The edition constitutes the biggest part of the work. It is divided into two parts: by subject and by alphabetical order (of author, or, for works without author's name, of the title). The editor has cross-referenced the subject index to the alphabetical index, which, when possible, identifies the work, the edition, and the author, often including a brief biographical summary and occasionally adding some additional notes, e.g., on Étienne Baluze, "A year after his death, Baluze's magnificent collection of books and manuscripts was acquired for the Bibliothèque du roi for the sum of 30,000 pounds. Three letters from Rancé to Baluze survive" (312).
This book constitutes an excellent edition of an eighteenth-century library catalogue. Its introduction places the 1752 snapshot of the library in the context of its development, particularly as the expression of the life and spirituality of one of the most influential figures in the history of the Cistercian Order. The careful work of the edition follows a clear methodology, succinctly laid out (118-119), and well executed.
The book, of course, does not live up to the promise of its title, namely a study of the library's history, spanning some six and a half centuries. A medievalist will understandably be disappointed that the author's presentation of the medieval monastery of La Trappe is reduced to summaries of a largely nineteenth-century historiographical tradition and the admission that much is unknown. Indeed, it would be more accurate to characterize this volume as an edition of the 1752 catalogue (in French and Latin) with an historical introduction. Nevertheless, this work clearly targets an academic audience, and such an audience should have the familiarity with reading titles backwards, understanding the import of the work to lie in the subordinate clause.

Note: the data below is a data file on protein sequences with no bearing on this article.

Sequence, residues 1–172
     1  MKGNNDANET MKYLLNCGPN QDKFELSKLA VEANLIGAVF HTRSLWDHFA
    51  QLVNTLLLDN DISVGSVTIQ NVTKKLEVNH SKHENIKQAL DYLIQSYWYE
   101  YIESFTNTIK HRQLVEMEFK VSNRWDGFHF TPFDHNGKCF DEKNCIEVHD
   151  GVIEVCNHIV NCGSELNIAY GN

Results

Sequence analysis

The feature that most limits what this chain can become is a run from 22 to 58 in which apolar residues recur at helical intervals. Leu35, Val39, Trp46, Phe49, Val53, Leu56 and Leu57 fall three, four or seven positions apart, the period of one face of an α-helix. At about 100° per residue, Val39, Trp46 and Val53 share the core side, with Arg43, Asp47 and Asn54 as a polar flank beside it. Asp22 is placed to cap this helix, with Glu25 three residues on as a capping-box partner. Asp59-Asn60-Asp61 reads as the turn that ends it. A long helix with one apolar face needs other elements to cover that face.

The book is elegantly set out and the text is relatively free of typographic errors. The notes have a few more problems, e.g. (37, n. 20): "The smaller one to the west is the the carpentry shop, the 'Mensuiserie de dehors'." manages to commit two errors in one line. The references can be misleading. For example, the author states (24, n. 25): "I am here using the terms Strict and Common Observance for the sake of simplicity, even though anachronistically. See n. 29 below." The note in question (25, n. 29) says: "All these controversies are discussed in Bell, Understanding Rancé." Moreover, one of the major sources for the author's biography of Rancé is Louis Dubois, Histoire de l'abbé de Rancé et de sa réforme..., Paris: Ambroise Bray, 1866 [First Edition], 1869 [Second Edition]. The author states: "Unless otherwise indicated, reference is to the second edition". Yet, at least in chapter 2, the chapter dedicated to Rancé's biography, the opposite is the case: all references are to the first edition.